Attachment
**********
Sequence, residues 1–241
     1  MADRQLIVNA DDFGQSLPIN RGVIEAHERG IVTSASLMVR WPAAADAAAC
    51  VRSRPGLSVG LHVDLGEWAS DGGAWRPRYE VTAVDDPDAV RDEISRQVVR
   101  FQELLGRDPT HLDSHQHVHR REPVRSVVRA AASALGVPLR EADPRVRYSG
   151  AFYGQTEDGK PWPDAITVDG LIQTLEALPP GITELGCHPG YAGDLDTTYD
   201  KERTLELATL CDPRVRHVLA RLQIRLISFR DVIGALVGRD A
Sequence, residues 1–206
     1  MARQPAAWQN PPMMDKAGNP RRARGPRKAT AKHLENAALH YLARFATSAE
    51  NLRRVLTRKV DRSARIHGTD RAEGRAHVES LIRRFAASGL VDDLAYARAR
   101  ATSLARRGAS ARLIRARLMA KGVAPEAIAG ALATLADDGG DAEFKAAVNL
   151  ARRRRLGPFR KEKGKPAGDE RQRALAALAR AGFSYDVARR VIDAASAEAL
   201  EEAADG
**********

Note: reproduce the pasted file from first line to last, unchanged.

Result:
Sequence, residues 1–241
     1  MADRQLIVNA DDFGQSLPIN RGVIEAHERG IVTSASLMVR WPAAADAAAC
    51  VRSRPGLSVG LHVDLGEWAS DGGAWRPRYE VTAVDDPDAV RDEISRQVVR
   101  FQELLGRDPT HLDSHQHVHR REPVRSVVRA AASALGVPLR EADPRVRYSG
   151  AFYGQTEDGK PWPDAITVDG LIQTLEALPP GITELGCHPG YAGDLDTTYD
   201  KERTLELATL CDPRVRHVLA RLQIRLISFR DVIGALVGRD A
Sequence, residues 1–206
     1  MARQPAAWQN PPMMDKAGNP RRARGPRKAT AKHLENAALH YLARFATSAE
    51  NLRRVLTRKV DRSARIHGTD RAEGRAHVES LIRRFAASGL VDDLAYARAR
   101  ATSLARRGAS ARLIRARLMA KGVAPEAIAG ALATLADDGG DAEFKAAVNL
   151  ARRRRLGPFR KEKGKPAGDE RQRALAALAR AGFSYDVARR VIDAASAEAL
   201  EEAADG